6a00d8341c4e6153ef00e54ff4f0298833-800wi In political circles we have heard the now common refrain: "He was for it, before he was against it" numerous times. The phrase is often delivered by a political opponent and is meant to portray the recipient as a wishy-washy, flip-flopping, two-timing scumbag. And perhaps this is true, but what happens when someone honestly changes their mind because they have unlearned an old belief, idea or habit?

One reason unlearning can be difficult is because once we have made a public commitment the very act of  commitment serves to harden into our minds the idea or belief for which we have taken a public stand. For example, once a juror states his or her initial views publicly, they are reluctant to change their opinion–even in the face of new and mounting evidence.

How then do we overcome this reality? I'm sorry to say that there is no easy answer. You must expose yourself publicly and announce that you have unlearned. 

Will you be scorned, ridiculed and maybe even ostracized? 

Possibly, but once you do expose yourself to a new truth you will notice something interesting happen. Not only will your view of the world become clearer, the ground upon which you stand will also feel firmer. (This is true even though those around you may be accusing you of going squishy.)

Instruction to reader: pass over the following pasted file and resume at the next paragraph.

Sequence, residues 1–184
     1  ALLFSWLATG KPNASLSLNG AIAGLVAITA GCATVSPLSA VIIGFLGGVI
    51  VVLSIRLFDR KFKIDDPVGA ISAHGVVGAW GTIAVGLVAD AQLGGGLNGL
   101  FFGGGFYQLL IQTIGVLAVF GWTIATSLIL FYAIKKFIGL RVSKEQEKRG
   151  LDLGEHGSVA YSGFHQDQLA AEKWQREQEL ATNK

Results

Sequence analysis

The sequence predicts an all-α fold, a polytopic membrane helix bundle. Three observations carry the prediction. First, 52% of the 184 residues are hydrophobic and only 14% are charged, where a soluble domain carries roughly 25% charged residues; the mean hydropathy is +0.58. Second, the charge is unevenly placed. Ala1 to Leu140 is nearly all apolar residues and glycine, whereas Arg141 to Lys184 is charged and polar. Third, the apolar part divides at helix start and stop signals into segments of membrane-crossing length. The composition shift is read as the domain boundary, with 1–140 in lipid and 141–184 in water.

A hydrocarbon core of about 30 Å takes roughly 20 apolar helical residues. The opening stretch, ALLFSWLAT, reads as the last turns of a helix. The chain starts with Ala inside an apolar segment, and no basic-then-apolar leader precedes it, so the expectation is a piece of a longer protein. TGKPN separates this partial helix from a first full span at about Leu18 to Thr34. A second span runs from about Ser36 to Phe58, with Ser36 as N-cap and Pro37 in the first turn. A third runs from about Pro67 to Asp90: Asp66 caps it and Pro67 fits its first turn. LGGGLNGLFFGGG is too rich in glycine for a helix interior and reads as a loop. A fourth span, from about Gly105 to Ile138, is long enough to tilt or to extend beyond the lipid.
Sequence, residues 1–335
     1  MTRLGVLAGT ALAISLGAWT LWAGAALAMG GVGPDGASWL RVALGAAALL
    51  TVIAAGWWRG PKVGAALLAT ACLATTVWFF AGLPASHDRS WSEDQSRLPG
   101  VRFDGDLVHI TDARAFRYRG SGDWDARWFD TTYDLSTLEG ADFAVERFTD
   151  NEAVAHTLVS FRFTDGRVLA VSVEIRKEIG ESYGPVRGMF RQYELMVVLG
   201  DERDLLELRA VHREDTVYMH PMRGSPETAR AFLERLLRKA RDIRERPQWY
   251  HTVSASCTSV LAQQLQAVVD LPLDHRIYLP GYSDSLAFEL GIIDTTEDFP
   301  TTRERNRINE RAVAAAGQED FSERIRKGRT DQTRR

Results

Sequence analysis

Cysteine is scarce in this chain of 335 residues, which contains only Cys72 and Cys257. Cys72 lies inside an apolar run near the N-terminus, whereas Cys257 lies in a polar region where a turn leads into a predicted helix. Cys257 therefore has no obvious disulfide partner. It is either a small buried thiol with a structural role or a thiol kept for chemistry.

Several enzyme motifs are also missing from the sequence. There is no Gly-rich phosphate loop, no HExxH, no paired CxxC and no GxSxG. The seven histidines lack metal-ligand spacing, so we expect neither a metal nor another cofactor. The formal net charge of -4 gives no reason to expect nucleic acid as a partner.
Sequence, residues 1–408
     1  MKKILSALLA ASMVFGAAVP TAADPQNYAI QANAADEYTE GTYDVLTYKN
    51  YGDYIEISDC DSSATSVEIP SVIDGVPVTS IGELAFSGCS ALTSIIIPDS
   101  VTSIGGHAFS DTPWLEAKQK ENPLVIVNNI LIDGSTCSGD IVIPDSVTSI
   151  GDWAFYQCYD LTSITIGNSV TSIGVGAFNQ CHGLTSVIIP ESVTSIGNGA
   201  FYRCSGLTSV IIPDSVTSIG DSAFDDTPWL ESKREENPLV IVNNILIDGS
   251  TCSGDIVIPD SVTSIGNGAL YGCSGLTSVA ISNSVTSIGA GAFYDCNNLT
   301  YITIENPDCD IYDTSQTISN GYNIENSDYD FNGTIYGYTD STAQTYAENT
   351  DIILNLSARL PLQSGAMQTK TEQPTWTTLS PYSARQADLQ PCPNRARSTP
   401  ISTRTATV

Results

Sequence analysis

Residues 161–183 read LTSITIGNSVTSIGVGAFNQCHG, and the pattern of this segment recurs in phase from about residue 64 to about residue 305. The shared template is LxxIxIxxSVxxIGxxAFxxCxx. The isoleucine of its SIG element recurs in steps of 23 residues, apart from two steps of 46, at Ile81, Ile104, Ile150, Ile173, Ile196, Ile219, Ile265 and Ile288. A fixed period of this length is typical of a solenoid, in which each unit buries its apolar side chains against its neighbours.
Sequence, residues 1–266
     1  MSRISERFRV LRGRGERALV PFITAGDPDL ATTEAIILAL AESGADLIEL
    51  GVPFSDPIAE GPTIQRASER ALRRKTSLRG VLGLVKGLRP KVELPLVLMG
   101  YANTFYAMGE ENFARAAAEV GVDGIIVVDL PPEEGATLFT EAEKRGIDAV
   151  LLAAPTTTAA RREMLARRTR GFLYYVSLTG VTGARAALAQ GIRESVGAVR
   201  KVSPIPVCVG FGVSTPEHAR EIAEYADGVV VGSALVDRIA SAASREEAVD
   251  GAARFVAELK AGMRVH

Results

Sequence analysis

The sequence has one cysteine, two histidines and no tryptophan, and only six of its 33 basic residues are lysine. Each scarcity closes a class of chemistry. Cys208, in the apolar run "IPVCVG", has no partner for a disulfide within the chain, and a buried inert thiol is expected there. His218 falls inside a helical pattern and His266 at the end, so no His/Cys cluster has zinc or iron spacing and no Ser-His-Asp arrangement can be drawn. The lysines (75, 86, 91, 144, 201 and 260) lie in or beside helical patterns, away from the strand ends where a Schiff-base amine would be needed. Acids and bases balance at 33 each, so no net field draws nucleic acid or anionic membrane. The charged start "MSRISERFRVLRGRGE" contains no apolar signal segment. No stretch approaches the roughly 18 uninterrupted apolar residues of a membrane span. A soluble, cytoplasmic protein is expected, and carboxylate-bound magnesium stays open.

I'd love to hear your stories of exposing yourself to change–and unlearning.

Ed.Note: After I published this piece, I stumbled upon this wonderful quote from Carl Sagan:

"In science it often happens that scientists say, "You know that's a
  really good argument; my position is mistaken," and then they would
  actually change their minds and you never hear that old view from them
  again. They really do it. It doesn't happen as often as it should,
  because scientists are human and change is sometimes painful. But it
  happens every day. I cannot recall the last time something like that
  happened in politics or religion."